Gary Heaton Credit: Submitted photo

The Charlottesville Planning Commission will see new faces after the departure of two members.

On Monday, the City Council appointed Gary Heaton and Rory Stolzenberg to the panel and reappointed Taneia Dowell and Jody Lahendro. Heaton and Stolzenberg replace Genevieve Keller, who has served two terms, and Hunter Smith, whose departure formally was announced Monday morning, city officials said.

Heaton, who said he learned in late September of being selected for an interview for a commission seat, is a downtown resident who is the senior pastor of First United Methodist Church. He is a graduate of both High Point College and Wesley Theological Seminary.

He said that he applied for the Planning Commission because of his previous expertise on the Round Hill Planning Commission in Loudoun County.

Stolzenberg, also a downtown resident, is a graduate of the University of Virginia with a bachelor’s in economics and foreign affairs. He is an alumnus of HackCville and the i.Lab at UVa and a member of the North Downtown Residents Association.

Stolzenberg said that he hopes to be a part of shifting the city toward embracing other uses and higher density. Currently, 55 percent of the city’s land is zoned for single-family homes, he said.

 “In a thriving, growing city that’s run out of greenfield land, this policy has reached its limit — there is no more room for sprawl. As a result, prices have begun to detach from reality, driven by static supply in the face of growing demand. … This fate is not inevitable; it’s driven by the choices we make in Planning Commission sessions, in City Council, in our Comprehensive Plan and in our zoning code. It’s time to reject the politics of no and embrace a culture of yes,” he said.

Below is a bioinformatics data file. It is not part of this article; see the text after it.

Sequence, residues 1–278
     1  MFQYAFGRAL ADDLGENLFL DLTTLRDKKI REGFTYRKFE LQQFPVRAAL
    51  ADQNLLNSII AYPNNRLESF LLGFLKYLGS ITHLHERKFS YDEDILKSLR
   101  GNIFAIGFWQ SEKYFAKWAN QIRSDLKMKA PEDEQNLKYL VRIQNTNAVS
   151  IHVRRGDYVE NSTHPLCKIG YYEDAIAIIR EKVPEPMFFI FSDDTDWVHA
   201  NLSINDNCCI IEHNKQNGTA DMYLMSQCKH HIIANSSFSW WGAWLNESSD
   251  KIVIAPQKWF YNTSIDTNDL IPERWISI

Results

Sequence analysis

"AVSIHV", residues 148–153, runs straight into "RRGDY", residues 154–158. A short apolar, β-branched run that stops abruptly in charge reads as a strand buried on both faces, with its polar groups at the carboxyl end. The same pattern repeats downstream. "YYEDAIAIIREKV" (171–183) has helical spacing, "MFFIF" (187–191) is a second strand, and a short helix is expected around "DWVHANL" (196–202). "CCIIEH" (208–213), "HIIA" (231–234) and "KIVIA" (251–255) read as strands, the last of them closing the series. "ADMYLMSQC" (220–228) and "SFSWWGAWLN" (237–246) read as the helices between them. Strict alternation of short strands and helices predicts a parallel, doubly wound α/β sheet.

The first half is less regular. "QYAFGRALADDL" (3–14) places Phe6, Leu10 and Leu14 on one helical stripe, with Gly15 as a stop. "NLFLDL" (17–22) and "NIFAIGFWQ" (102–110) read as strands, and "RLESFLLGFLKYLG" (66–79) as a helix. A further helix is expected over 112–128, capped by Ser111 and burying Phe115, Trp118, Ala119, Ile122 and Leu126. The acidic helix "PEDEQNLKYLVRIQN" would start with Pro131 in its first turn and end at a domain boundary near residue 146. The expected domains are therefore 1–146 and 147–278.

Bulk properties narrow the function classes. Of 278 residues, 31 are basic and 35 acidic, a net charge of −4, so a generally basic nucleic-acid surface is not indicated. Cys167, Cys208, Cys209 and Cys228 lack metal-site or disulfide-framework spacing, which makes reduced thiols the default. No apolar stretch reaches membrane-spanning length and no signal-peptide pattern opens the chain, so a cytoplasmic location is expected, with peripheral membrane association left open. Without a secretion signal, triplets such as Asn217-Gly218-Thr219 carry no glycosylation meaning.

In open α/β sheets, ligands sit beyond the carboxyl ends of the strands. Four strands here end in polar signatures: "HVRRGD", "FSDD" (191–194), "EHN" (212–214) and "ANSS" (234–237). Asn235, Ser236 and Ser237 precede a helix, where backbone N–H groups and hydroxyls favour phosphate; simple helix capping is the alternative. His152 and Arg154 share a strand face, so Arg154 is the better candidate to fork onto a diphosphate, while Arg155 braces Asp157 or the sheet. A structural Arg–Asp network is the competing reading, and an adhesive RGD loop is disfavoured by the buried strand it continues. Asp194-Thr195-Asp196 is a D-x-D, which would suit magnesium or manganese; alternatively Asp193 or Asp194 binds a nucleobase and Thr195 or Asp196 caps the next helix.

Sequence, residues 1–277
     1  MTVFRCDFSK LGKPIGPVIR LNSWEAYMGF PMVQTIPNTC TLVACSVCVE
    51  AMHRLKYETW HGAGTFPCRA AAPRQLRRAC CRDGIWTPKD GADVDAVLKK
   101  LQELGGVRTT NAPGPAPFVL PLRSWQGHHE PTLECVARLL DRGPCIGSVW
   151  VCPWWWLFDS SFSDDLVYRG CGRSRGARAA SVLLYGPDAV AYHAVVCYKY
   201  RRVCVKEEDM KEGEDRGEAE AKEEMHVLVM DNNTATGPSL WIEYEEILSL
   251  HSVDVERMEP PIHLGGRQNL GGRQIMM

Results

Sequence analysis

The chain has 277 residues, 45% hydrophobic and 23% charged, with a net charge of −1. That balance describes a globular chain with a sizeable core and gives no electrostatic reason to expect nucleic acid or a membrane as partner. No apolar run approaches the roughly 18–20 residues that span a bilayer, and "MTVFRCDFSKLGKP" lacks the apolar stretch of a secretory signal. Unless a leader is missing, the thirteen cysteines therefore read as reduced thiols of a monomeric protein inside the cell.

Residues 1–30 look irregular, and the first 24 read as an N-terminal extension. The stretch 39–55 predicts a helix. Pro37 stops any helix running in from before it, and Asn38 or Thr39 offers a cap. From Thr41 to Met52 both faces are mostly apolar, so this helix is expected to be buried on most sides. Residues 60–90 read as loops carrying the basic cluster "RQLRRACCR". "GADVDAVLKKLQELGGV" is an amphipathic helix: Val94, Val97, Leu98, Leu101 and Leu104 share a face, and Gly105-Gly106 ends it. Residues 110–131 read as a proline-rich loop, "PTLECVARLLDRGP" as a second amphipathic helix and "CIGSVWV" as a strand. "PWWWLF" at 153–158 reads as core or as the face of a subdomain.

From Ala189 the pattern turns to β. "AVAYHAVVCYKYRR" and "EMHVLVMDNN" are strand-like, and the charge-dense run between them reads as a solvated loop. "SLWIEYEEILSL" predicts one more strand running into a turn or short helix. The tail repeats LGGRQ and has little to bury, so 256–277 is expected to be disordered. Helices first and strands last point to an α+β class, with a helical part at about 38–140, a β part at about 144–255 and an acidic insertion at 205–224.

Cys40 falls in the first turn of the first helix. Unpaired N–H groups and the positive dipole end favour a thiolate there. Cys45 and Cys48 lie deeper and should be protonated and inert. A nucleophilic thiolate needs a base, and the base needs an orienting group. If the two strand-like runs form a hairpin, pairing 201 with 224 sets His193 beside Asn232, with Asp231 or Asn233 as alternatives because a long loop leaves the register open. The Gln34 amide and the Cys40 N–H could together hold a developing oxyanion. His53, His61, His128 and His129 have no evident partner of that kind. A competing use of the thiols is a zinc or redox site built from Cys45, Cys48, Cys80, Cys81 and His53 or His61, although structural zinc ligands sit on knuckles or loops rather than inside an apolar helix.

Dowell, a former candidate for Commissioner of Revenue, first was appointed to the Planning Commission in 2014.

She received a bachelor of science in business management from Virginia State University and is the Project Discovery director at the Monticello Area Community Action Agency.

“As a life-long resident of Charlottesville, I am interested in serving and giving back to my community,” Dowell wrote in her 2014 application for the position. “I’m also interested in the development of our city neighborhoods.”

Lahendro, a resident of Rugby Hills, has served on the commission for four years. He received a bachelor of architecture degree from Virginia Tech and a master’s in architectural history from UVa

He said that using his “40-plus years of experience as an architect in service of all current and future residents of Charlottesville” as why he was interested in continuing to serve on the commission.

Lahendro also is a volunteer at Camp Holiday Trails, the state review board of the Virginia Department of Historic Resources and a member of the American Institute of Architects.

Keller served two terms full on the Planning Commission before stepping down. She began her tenure on the panel in 2007 when she filled a vacancy and has served as commission chairwoman.

Smith, founder and president of Champion Brewing Co. and a resident of North Downtown, joined the Planning Commission on June 30. On his application for the position, he had written that “civic duty, opportunity to learn [and a] desire for meaningful engagement in city of my birth” were the reasons why he sought to the position.

This story will be updated.

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Elliott Robinson

Elliott Robinson has spent nearly 15 years in journalism and joined Charlottesville Tomorrow as its news editor in August 2018 through 2021. He is a graduate of Christopher Newport University.